Tuesday, July 16, 2013

Chasing Mr. Brown........

I entered in the inaugural Little Creek Cobia Open hosted by the Norfolk Angerls Club to benefit the local Children's Hospital this past weekend.  While I had never targeted cobia before, I had done a lot of research over the past couple of years.  I knew that sight casting was the preferred method in this area, but you needed clear and calm water conditions to have the best chance out of a kayak.  You typically rig up two casting presentations - one live eel and one bucktail jig, and at least one or two fish finder rigs with live spot or croaker on the bottom.  You also typically drop a chum bag for a nice slick to draw them in and encourage an increase in their appetite.

I also had read that cobia are like other predatory fish in that they love areas where the bait is funneled to them, so I talked it over with a fellow kayaker (Chris of TKAA - atthebay2) and we decided to target Blue Fish Rock off of Grandview in Hampton, VA.  Recent reports including the days leading up to the event had several nice catches of cobia in that area, so our chances were good I felt.  The forecast for the day was calling for an early morning shower with a chance of an afternoon storm around 3pm which was our scheduled time to weigh-in our catch anyway.

We launched a little after the sun crested the horizon and made our way out of Wallace's Marina and headed out to the mouth of the channel.  It was slow going, because we were hitting the incoming current and had to make our way about 3-4 miles offshore.

After a bit, we found the spot and set up our chum lines.  We anchored off and started the waiting game.  While we waited for the chum slick to get good and spread out, we dropped a couple of bottom rigs and spent some time catching live bait for our fish finder rigs.  We got into a good mess of bait-sized croaker with a few spot, and a new species for me, the roundhead.  They look like a skinny croaker at first but change colors into a brown camo pattern literally in your hands.  It was cool to watch.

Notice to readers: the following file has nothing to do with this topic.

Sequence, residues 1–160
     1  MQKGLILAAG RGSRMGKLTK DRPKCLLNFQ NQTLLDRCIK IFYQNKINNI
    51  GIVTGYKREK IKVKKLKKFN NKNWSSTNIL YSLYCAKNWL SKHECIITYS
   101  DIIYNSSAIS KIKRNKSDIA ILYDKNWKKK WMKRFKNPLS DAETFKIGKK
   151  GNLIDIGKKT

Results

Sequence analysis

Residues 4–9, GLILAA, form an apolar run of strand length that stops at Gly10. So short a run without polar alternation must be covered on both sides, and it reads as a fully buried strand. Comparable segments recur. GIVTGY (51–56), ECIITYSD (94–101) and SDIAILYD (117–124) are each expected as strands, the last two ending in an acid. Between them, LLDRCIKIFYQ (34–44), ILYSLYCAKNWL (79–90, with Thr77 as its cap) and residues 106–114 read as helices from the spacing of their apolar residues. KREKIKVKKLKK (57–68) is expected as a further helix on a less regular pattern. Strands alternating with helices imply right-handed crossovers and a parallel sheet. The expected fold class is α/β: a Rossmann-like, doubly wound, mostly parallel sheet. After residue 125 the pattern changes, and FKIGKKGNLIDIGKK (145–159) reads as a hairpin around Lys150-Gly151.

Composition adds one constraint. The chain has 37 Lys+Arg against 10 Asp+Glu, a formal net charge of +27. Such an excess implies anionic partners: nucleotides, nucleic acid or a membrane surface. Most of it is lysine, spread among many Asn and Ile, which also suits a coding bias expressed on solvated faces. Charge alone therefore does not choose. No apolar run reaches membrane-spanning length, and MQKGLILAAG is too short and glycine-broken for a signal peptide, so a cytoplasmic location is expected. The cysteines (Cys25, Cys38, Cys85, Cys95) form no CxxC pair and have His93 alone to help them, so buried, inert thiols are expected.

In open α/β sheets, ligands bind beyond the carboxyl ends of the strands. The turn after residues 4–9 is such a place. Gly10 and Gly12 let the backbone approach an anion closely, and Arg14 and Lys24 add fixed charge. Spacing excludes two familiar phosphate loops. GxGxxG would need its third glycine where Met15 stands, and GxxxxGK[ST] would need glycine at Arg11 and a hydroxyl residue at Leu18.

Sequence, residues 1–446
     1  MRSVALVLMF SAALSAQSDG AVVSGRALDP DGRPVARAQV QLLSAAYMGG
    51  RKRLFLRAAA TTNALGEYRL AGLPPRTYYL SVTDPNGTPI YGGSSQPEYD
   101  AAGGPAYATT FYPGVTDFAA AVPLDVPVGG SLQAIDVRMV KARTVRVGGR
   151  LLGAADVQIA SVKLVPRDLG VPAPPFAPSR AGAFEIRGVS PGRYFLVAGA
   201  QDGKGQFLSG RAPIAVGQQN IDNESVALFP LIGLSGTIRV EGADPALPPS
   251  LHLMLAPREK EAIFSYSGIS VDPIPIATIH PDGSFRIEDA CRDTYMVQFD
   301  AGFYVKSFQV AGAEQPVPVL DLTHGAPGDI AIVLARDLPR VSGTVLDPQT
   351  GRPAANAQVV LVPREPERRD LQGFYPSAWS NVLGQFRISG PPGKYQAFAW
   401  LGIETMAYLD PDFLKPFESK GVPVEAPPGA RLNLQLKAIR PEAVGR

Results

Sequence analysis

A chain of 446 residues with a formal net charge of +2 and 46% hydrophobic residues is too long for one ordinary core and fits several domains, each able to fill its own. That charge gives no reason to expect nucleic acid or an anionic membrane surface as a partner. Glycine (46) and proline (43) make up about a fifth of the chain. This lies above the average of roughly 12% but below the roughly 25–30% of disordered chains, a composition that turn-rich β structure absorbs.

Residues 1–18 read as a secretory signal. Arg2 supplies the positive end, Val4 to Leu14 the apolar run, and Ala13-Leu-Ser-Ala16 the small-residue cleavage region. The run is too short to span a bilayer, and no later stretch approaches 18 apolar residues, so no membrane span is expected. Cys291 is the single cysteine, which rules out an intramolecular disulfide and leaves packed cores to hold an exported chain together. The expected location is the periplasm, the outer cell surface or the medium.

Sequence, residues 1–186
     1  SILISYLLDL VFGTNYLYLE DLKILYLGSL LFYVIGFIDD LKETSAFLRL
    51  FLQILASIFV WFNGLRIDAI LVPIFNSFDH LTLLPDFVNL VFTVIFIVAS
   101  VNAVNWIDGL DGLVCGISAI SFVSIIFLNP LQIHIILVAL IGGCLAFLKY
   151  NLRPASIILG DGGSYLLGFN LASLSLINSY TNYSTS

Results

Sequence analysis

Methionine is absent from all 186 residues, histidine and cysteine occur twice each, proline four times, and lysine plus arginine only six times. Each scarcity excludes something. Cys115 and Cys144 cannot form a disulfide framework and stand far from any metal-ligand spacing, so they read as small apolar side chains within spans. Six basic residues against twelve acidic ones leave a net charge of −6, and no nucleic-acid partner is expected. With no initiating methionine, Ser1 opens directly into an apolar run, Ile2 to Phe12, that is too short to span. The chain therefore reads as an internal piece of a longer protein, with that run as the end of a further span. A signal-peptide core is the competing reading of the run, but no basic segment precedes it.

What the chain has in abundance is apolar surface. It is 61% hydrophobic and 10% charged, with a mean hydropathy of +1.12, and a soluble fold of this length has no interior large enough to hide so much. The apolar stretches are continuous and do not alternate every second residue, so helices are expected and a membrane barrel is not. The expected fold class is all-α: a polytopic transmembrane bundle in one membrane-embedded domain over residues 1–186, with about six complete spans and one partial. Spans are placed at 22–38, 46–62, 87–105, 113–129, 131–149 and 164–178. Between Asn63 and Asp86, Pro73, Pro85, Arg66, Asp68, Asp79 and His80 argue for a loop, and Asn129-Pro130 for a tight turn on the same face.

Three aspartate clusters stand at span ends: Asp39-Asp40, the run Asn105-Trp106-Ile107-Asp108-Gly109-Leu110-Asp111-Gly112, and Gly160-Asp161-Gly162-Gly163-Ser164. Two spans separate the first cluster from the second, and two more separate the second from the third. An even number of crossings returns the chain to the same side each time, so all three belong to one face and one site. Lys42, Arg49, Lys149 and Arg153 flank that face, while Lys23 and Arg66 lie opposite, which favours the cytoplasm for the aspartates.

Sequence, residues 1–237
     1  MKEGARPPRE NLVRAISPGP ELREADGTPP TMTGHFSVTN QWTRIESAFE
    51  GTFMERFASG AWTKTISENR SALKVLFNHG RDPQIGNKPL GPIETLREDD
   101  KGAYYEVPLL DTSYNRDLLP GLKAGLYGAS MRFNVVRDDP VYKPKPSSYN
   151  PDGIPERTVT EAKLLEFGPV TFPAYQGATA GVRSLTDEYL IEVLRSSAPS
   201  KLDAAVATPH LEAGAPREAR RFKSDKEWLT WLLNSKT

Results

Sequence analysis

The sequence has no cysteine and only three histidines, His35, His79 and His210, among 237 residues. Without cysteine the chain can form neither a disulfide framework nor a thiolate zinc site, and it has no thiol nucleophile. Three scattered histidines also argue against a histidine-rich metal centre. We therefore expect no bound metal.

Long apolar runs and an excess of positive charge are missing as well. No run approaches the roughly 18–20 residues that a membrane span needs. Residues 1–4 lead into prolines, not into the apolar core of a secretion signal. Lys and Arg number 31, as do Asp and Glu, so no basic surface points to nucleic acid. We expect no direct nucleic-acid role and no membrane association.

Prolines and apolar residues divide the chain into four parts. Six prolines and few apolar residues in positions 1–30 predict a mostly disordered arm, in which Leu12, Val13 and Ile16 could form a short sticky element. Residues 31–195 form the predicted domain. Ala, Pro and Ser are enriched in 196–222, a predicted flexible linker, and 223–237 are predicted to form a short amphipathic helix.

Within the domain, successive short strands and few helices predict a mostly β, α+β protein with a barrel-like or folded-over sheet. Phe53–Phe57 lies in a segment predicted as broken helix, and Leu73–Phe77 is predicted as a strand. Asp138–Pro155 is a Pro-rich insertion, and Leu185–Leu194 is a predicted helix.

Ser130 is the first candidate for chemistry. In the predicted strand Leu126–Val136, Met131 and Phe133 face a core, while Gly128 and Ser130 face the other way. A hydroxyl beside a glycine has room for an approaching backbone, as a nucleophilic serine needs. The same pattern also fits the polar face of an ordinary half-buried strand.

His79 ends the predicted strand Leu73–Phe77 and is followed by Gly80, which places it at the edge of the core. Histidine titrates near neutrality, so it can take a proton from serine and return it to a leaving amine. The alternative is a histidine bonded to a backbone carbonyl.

Chris' reel started clicking after a couple hours and resulted in a nice five minute fight with an aggressice sand shark that even gave us a couple aerial jumps for good measure.  He ended up being about 3 1/2 - 4 feet in length.  Chris got a real close view of the razor sharp teeth while he tried to unhook him, but the shark was not cooperative at all, so Chris gave him a courtesy release and snipped the line close to the circle hook.  Sorry for the hazy picture but the lens fogged up on me.

Shortly after that, the weather alerts started rolling in on my radio.  The first storm (and strongest one of the day) passed due east of us and hit the Eastern Shore pretty hard.  Right after that one, a second one flared up west of us and headed right towards us but ended up just dousing us inrain for about 30 minutes.  After we were soaked to the core, the skies cleared and sun shone through to help dry us off.
While we were recovering, I noticed a long line of clouds forming ominously to our west again only this time it spread far enough north that I knew that we would get hit if it ever developed.  Fishing in the Chesapeake Bay region is always a roll of the dice when storms are in the area.  I knew from past experience that they can form almost on top of you with little to no warning.

Sure enough, I was right.  The storm has a huge footprint and literally covered the entire region north and south of the Hampton Roads peninsula.  In the photo above, you can see the shore west of us close to the Hampton Roads Bridge Tunnel/Ft. Monroe/Phoebus area.  The tunnel was completely engulfed by the wall of rain heading our way.  We knew we were going to get a little wet, but we tried to take a sharper angle to shore and not worry so much about getting back to the launch which was way too far.  We even both dumped our chum bags to offload the additional weight slowing our progress back to safety, but it didn't matter in the end.